The Government established the Committee on Air Pollution chaired by Sir Hugh Beaver (“Beaver Committee”) on 21 July 1953 “To examine the nature, causes and effects of air pollution and the efficacy of present preventive measures; to consider what further preventive measures are practicable; and to make recommendations.” It published an interim report on 2 December 1953 and a final report on 25 November 1954. Sir Gerald Nabarro MP asked Duncan (later Lord) Sandys MP, Minister of Housing and Local Government, to make a statement on the policy of the government in connection with the recommendations of the Beaver Committee report on 25 January 1955.
The Beaver Committee’s five principal recommendations were:
- That, subject to certain exceptions, the emission of dark smoke should be prohibited by law.
- That industries, when installing new plant, should be required to take all practical steps to prevent the emission of grit and dust.
- That, subject to confirmation by the Government, local authorities should be empowered to designate “Smokeless Zones” and “Smoke Control Areas”.
- That the duty of inspection and enforcement should be placed upon local authorities, except in the case of certain industrial processes, which should be supervised by Government Inspectors.
- That householders in smoke restricted districts should be required to burn only smokeless fuel and the cost of converting domestic fireplaces should be met, to a large extent by grants from the Exchequer and the local authorities.
Sir Gerald Nabarro MP’s (Conservative) Clean Air Bill won first place in the Private Members Ballot in the House of Commons in the final session of the 1954/1955 Parliament. The purpose of the Bill was to implement the principal recommendations of the Beaver Committee. The Clean Air Bill reached Second Reading on 4 February 1955 before being withdrawn after receiving an assurance from the Government that it would bring in comprehensive legislation on the subject during the last session of Parliament. However, a General Election intervened on 25 May 1955. Sir Gerald Nabarro spoke about it again in the Debate on the Queen’s Speech on 13 June 1955.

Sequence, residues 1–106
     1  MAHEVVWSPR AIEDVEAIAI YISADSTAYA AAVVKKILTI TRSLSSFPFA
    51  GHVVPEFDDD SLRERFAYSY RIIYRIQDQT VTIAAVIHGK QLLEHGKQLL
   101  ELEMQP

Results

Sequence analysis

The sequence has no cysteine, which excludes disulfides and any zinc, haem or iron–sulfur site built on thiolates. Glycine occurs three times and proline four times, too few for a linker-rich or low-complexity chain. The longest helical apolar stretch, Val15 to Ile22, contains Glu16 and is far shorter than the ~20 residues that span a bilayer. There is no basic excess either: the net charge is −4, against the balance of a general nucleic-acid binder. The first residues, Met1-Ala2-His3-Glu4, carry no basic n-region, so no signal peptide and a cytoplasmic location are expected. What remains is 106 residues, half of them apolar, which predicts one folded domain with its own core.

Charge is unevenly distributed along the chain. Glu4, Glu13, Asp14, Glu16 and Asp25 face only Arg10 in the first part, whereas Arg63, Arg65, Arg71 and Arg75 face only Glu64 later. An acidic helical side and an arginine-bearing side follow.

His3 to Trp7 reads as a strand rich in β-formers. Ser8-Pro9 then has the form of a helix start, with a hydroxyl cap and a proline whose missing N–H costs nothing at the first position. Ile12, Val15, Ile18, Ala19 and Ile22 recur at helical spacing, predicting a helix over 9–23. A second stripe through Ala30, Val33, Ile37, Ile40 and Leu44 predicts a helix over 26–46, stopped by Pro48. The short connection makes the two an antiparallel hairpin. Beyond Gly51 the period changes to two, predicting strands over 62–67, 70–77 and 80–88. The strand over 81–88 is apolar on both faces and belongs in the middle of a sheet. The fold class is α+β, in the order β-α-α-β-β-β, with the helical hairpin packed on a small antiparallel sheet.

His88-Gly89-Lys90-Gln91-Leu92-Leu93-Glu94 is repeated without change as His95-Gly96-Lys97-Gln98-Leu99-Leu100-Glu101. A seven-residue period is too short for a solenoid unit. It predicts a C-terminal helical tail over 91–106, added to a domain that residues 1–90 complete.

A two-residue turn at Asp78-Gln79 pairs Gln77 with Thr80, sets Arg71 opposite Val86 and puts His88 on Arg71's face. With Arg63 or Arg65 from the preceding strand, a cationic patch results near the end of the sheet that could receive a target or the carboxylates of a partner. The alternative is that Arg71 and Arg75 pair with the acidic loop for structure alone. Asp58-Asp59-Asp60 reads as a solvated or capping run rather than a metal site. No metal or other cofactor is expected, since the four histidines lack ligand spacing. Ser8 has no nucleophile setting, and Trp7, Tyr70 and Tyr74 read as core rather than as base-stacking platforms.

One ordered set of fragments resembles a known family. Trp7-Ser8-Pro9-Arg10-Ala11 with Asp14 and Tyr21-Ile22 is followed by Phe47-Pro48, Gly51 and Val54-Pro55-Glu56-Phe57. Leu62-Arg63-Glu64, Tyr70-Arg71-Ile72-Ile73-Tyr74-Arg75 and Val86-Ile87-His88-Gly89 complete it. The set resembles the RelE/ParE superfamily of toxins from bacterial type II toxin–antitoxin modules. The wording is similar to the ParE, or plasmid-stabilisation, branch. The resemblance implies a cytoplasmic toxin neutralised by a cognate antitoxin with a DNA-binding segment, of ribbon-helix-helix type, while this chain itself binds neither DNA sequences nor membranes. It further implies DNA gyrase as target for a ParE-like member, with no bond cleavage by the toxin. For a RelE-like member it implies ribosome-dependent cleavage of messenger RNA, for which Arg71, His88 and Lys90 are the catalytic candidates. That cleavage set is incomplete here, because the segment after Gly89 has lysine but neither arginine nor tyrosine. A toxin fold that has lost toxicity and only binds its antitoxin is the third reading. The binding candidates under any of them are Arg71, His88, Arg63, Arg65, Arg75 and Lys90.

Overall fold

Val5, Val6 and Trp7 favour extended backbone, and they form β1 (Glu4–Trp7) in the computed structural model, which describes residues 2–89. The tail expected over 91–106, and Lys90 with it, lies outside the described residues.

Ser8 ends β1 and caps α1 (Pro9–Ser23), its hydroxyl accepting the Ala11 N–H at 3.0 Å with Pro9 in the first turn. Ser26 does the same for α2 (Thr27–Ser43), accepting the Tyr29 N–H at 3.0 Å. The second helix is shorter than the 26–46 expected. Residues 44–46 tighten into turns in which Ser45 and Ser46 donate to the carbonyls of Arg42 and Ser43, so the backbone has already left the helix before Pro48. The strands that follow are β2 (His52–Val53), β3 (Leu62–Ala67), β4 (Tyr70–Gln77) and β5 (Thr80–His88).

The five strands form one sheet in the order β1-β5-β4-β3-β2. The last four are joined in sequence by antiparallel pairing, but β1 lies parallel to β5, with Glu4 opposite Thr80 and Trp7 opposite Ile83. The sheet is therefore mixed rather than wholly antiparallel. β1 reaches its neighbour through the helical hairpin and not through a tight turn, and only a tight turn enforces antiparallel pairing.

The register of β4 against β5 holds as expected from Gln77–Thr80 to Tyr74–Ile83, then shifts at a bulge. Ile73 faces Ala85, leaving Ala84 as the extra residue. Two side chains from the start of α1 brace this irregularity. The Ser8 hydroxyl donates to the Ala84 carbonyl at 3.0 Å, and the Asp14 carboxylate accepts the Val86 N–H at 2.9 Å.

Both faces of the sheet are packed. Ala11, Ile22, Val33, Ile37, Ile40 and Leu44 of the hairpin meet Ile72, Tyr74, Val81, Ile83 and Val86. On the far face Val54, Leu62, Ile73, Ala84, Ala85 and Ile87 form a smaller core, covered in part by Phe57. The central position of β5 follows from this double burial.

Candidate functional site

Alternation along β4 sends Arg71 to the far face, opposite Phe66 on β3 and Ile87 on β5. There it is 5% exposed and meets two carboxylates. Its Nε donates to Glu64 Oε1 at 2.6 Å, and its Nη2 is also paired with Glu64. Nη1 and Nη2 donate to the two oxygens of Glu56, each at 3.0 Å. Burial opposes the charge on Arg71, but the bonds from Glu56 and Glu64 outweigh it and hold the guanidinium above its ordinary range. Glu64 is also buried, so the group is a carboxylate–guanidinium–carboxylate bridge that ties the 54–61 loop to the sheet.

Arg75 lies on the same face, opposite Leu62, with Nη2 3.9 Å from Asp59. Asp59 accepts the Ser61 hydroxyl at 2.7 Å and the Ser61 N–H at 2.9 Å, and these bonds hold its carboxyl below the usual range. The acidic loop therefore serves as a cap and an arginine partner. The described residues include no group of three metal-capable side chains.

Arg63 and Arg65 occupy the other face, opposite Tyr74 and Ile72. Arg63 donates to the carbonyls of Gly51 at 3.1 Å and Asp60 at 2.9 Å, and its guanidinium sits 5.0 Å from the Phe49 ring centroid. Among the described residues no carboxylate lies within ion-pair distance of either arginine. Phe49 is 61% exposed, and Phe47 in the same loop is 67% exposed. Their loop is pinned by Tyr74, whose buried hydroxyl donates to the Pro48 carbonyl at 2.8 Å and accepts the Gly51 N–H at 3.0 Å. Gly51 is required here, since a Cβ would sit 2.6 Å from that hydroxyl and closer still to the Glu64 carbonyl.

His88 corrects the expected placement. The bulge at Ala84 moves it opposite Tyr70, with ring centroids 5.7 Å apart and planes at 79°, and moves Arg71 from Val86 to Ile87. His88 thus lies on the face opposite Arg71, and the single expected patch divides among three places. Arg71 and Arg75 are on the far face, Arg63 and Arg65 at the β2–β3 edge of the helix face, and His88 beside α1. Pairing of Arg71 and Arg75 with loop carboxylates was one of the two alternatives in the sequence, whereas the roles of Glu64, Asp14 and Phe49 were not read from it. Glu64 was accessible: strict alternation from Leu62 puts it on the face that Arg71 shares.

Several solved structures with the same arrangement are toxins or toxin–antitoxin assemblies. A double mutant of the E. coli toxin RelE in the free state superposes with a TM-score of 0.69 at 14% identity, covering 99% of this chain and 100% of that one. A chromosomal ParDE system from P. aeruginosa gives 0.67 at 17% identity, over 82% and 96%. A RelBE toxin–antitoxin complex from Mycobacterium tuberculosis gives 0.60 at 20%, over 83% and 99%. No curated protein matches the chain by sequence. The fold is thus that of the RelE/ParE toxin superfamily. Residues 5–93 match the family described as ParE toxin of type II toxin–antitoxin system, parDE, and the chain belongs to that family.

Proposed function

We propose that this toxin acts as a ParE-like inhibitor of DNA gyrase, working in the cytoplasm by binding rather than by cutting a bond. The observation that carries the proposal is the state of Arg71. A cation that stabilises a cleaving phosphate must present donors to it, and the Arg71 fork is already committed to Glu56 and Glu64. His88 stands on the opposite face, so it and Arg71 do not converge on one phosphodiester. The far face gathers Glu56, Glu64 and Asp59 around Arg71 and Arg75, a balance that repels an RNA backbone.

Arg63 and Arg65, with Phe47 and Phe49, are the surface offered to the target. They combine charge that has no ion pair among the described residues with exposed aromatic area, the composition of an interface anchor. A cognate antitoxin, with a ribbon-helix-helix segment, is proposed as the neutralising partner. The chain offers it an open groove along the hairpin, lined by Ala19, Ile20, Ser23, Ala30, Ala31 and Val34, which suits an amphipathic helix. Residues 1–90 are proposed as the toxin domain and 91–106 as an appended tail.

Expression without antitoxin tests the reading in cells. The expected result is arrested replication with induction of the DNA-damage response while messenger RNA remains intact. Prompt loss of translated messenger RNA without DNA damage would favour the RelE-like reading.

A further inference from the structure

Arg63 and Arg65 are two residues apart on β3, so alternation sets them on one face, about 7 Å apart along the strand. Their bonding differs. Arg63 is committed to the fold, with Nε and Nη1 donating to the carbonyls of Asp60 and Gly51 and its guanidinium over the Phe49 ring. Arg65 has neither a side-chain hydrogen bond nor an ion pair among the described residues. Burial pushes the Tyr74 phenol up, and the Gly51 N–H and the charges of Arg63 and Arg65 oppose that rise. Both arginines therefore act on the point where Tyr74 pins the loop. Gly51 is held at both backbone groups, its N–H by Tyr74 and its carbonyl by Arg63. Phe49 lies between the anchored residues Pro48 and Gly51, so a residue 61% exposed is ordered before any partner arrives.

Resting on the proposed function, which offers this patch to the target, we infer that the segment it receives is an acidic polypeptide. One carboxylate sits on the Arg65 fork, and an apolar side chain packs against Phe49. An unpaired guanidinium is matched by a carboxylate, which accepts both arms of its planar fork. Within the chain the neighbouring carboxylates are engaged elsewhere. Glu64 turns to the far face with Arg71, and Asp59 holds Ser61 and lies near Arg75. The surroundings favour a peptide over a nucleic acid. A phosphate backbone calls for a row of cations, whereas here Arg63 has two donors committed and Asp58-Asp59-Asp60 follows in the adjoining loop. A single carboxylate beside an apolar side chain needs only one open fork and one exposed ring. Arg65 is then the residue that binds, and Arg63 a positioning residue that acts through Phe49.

The Second Reading of the new Clean Air Bill took place on 3 November 1955. Report and Third Reading of the Bill took place on 10 April 1956. The Clean Air Act 1956 received Royal Assent on 5 July 1956.
One of the recommendations of the Beaver Committee was to “Commission research” into the sources and the health impact of various pollutants and to take airborne measurements.
The Medical Research Council Air Pollution Unit at St Bartholomew’s Hospital opened in 1955. The Unit was directed by Professor Pat Lawther. The Unit focused on respiratory impacts. By the mid-to-late 1970s, the Holland report (1979) suggested that the problem had been solved (pages 47 and 105). The Unit closed in 1980.
Simon Birkett was one of 16 people who participated in the Wellcome Trust’s Witness Seminar on ‘Air pollution research in Britain c1955-c2000’ on 19 May 2015. Selected extracts offer insights into the Great Smog and subsequent developments in the understanding of air pollution:
Professor Maynard: “The impression I got…was that Pat [Lawther] himself was quite convinced that the great problem that he’d been given had been dealt with. It wasn’t that he thought that all air pollution problems had been dealt with; that was slightly different. He thought that the great problem that he’d been given, and that was the high sulphur dioxide; high particle concentrations; coal smoke; the London smog problem, that’s what he thought he’d been asked to sort out, and he thought his team had sorted it out. That’s where he got to. Then, when I used to ask him, ‘What do you think about what’s happened since?’ he used to say, ‘Well, that’s different; that’s not the same problem.’” Page 50.